Thoughout my life as a Christian God's work and plan has rarely if ever been immediately apparent to me in my daily life. This is especially true when I was in Highschool and praying for all sorts of rediculous things I thought I wanted or needed. The truth is that God's plan does remain largely invisible to us. While the ending of the film can be interpreted as morally ambiguous I think you can also see it as the characters surrendering themselves to Jesus and admitting they don't know the answers. In a way the main character has moved from imposing her own ideas of what God ought to do "make him straight... etc" to a more mature listening for God's will.

The reality is Girls do get pregnant at a young age and become ostricized from the church. The church has had a caustic response to homosexuals. While Christ's message to us is one of grace and reconciliation this is something that can be hard to find in the worldly church for these individuals. The Church for the most part does a crappy job of emulating Jesus' compassion and grace. So I'm not sure what the film makers should have done- since the representation of the church was relatively accurate. Should the main character have had a vision in which Jesus tells her "its okay, you messed up, but I love you anyways?" I know I wish I'd had that kind of reassurance sometimes.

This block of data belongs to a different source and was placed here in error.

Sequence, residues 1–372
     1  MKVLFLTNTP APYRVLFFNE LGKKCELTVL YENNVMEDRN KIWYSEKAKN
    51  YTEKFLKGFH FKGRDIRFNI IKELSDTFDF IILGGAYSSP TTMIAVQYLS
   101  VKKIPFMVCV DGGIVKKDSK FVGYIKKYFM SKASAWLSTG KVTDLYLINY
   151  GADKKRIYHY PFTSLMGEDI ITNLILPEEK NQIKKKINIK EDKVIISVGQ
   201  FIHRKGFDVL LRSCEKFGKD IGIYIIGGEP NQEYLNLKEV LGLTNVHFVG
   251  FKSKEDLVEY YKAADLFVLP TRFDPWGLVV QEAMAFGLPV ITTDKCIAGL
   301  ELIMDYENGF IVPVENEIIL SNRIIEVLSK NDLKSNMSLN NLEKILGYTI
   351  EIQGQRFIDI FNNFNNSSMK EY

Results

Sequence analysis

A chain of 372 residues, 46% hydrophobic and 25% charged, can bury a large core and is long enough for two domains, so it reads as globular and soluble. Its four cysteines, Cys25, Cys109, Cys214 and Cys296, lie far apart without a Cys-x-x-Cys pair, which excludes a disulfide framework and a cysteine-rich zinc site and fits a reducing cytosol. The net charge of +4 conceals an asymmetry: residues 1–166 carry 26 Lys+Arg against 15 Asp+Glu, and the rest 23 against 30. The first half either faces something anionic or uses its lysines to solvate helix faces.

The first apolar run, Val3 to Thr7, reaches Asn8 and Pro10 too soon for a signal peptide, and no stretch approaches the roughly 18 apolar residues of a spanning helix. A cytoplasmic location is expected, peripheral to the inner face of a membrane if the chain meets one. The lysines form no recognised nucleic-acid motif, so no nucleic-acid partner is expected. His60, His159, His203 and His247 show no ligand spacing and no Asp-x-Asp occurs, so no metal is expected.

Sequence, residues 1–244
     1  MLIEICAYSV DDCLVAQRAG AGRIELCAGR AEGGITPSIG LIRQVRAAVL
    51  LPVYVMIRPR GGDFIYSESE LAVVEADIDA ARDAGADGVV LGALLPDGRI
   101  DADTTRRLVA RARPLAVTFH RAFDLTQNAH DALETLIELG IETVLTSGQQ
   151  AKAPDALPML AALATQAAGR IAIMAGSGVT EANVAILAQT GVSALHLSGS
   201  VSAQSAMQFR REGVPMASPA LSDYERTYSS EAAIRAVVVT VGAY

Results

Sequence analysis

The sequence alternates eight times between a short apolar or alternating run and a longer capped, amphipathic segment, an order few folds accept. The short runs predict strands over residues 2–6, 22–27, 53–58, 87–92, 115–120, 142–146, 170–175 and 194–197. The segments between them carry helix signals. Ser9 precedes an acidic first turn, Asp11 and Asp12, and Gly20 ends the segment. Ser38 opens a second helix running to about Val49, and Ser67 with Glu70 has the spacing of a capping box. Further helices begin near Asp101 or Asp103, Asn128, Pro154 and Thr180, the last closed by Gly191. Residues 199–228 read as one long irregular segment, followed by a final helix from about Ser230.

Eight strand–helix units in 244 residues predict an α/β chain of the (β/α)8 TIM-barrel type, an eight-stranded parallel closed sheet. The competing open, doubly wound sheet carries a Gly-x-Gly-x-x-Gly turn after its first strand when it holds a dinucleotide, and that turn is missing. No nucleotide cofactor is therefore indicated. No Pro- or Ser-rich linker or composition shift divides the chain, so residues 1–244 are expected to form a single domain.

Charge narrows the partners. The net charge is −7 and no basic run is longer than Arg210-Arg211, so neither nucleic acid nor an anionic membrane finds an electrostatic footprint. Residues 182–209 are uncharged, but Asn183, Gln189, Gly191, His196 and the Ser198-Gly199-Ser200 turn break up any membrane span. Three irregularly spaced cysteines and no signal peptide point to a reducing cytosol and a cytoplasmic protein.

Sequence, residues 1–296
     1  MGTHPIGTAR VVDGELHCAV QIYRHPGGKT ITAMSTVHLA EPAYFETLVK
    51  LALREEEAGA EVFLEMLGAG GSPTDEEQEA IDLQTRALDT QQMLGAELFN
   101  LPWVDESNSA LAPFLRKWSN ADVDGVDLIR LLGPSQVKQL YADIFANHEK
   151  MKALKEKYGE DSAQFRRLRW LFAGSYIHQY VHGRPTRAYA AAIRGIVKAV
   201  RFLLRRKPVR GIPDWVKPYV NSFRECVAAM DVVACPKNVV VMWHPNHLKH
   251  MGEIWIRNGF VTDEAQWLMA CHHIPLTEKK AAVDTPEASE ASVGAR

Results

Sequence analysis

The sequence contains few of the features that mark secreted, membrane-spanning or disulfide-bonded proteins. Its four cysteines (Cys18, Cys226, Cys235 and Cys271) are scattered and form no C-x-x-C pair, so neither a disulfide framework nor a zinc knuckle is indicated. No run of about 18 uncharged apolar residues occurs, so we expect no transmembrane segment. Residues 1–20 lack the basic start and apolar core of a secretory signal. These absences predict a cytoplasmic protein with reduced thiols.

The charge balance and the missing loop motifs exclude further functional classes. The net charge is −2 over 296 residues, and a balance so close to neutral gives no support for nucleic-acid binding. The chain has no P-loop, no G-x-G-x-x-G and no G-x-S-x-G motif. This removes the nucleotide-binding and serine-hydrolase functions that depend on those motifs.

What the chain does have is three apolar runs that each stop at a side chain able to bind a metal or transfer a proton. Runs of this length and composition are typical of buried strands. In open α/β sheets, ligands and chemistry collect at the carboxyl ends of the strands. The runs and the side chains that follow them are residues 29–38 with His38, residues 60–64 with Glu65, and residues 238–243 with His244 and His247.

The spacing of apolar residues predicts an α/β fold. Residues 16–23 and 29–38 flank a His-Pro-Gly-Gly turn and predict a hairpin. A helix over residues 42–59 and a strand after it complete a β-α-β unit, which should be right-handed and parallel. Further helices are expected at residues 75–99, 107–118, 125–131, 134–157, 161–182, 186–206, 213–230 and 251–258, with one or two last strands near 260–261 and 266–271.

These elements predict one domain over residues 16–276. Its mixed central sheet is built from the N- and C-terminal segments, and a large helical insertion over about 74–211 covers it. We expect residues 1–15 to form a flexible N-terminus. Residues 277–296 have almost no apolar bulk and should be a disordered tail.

But lets not forget that this is a comedy. The goal was to create a light hearted look at a conservative christian highschool. I'm not sure how the film makers could have made it more theologically deep and still had it remain enjoyable and popular.
Good thoughts. My responses: